Album Review: Sun Kil Moon, ‘Universal Themes’
In all likelihood, you've never made a mental connection between saving a trapped possum and the experience of going to see industrial metal pioneers Godflesh in concert, but that connection is now enshrined forever on "Possum," the opening cut from Sun Kil Moon's seventh studio album, Universal Themes.
As Sun Kil Moon evolved from a group-oriented extension of San Francisco quartet Red House Painters to a solo vehicle for singer-songwriter Mark Kozelek, Kozelek was never shy about referencing other musical acts out of context. What's Next to the Moon, his 2001 solo debut (under his own name), famously consisted entirely of Bon Scott-era AC/DC covers.
By last year's Sun Kil Moon album Benji, though, Kozelek had started to delve into a stream-of-consciousness method with his lyrics. On Universal Themes, he goes on even more lyrical tangents than last time and sounds tantalizingly close to incoherent, the folk-rock troubadour equivalent of an outsider artist like the late Wesley Willis. But Kozelek's rambling, seemingly random train of thought belies his seasoned instincts as a songwriter, not to mention the poignance he achieves by cataloguing what appear to be unrelated details from his day-to-day experiences.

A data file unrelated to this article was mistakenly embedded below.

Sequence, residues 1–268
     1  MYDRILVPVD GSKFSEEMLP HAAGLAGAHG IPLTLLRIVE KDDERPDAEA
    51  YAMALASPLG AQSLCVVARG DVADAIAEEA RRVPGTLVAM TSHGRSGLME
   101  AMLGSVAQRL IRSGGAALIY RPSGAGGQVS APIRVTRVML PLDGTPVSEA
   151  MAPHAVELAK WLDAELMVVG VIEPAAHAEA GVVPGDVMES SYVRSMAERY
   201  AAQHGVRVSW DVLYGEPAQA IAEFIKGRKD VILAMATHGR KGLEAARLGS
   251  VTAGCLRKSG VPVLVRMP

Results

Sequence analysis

With only one tune on Universal Themes clocking in at under seven minutes, Kozelek gives himself plenty of time to cram as many observations as he likes into his verses. But, as amusing as his obscure pop-culture references can be -- surely Godflesh/Jesu bandleader Justin Broadrick is smiling over his inclusion in "Possum" -- it's what Kozelek was feeling when he was living these stories that ultimately gives the music its heartbeat. With little more than Sonic Youth drummer Steve Shelley's percussion to work with, Kozelek nevertheless paints rich, insightful portraits that never wear out their welcome.
That's because, as Kozelek grows older and more seasoned, he's pulling off a rather crafty sleight of hand: Where experienced songwriters typically learn to say more with less, Kozelek is saying more with more.